Luckily for us, however, the film's quality is not to be questioned. The first time I saw it, I had trouble articulating what exactly the film made me feel. All I knew was that I wanted it to happen again. Two more viewings (in two days, no less) later, I know now: Avatar makes me feel like a little kid. As a piece of cinema, it has the ability to strip me of all my preconceptions, my cynicism, my anger or bitterness, and replace it with something joyous on a primal level. Avatar touched a deep, resonant chord somewhere inside me, transporting me to a place that I can never return to in reality. Avatar reminds the viewer what it's like to look at the world for the first time.
Not that I need to state this by now, but Avatar is one of the prettiest films you will ever see. The world of Pandora, all created by James Cameron, is singularly unique and beautiful, and seeing this on a big screen (preferably in 3-D) is the only way to truly enjoy it. The visual effects, of course, cannot be adequately described. I have no comparisons to draw. Either you've seen this film, or you haven't. I can't capture what the film looks like with something as simple as words. Suffice to say that everything is photo-realistic, and the motion-capture technology allows the acting performances to shine through completely.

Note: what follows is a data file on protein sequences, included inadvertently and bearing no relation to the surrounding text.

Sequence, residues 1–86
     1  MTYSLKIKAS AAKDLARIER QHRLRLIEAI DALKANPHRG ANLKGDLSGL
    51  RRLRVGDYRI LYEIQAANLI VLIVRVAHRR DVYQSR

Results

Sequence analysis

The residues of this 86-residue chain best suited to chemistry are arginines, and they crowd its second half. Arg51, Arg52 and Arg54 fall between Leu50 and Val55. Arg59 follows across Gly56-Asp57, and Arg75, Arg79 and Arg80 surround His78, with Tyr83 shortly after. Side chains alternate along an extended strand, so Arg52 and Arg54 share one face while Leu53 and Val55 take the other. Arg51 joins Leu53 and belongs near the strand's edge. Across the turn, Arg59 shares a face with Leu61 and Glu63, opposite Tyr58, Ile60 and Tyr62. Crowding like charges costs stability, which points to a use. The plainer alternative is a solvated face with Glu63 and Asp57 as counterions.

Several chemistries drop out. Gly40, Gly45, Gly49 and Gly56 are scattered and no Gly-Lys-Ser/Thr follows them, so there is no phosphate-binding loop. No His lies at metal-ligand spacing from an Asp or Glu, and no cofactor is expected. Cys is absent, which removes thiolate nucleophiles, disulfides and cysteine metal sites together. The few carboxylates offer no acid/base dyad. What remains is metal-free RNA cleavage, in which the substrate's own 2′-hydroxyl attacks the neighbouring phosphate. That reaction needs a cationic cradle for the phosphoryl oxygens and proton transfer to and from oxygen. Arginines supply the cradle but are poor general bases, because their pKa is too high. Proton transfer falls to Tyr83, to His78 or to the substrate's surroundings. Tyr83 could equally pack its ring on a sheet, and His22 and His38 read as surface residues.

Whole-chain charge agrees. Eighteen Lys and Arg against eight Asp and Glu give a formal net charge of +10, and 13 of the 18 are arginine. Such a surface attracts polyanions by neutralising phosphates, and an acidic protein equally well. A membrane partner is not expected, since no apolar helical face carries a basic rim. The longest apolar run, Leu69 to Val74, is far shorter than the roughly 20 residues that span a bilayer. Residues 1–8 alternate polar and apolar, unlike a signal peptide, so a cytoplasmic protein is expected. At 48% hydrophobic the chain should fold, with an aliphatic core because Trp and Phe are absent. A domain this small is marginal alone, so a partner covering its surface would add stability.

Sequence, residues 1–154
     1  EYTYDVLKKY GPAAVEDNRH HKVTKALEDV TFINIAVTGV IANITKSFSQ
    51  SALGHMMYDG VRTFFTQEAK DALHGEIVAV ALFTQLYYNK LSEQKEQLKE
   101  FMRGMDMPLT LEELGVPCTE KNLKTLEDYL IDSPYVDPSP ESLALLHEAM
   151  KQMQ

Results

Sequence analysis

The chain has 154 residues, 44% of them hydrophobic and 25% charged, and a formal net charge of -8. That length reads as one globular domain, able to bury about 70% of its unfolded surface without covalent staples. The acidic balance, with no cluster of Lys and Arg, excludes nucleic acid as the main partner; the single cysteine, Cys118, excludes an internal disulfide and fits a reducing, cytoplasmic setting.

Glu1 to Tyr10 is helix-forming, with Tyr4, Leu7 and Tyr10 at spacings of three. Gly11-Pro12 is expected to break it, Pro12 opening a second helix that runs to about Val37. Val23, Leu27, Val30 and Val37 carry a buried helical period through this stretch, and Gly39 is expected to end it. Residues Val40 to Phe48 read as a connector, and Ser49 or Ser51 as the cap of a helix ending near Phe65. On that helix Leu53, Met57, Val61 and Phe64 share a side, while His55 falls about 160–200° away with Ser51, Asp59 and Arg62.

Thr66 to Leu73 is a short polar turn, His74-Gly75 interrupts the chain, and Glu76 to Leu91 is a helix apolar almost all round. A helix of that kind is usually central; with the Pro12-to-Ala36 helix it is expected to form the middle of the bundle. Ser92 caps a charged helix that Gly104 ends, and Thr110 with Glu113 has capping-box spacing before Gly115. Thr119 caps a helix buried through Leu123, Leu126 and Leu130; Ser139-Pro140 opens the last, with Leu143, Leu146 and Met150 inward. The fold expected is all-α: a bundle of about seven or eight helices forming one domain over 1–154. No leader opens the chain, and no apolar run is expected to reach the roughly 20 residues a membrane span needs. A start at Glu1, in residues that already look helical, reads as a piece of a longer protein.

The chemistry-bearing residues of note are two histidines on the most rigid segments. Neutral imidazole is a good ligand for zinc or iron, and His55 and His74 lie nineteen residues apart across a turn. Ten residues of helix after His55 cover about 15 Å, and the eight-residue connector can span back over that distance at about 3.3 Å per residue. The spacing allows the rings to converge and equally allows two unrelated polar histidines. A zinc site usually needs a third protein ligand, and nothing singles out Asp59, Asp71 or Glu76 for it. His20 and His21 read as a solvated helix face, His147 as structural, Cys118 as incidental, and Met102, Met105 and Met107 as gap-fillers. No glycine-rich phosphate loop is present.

Admittedly, James Cameron is not the best writer in the world. No, let me rephrase that: James Cameron can create compelling, entertaining stories with the best of them. Writing them, on the other hand, seems to be more of a challenge. Such is the only complaint I can raise about Avatar: The story is moving, compelling, and supremely entertaining. Sometimes, though, the dialogue clunks. Not frequently. Not as much as it could have for a James Cameron movie. But every now and again, the dialogue can hurt. What a masterwork Avatar would have been as a silent film.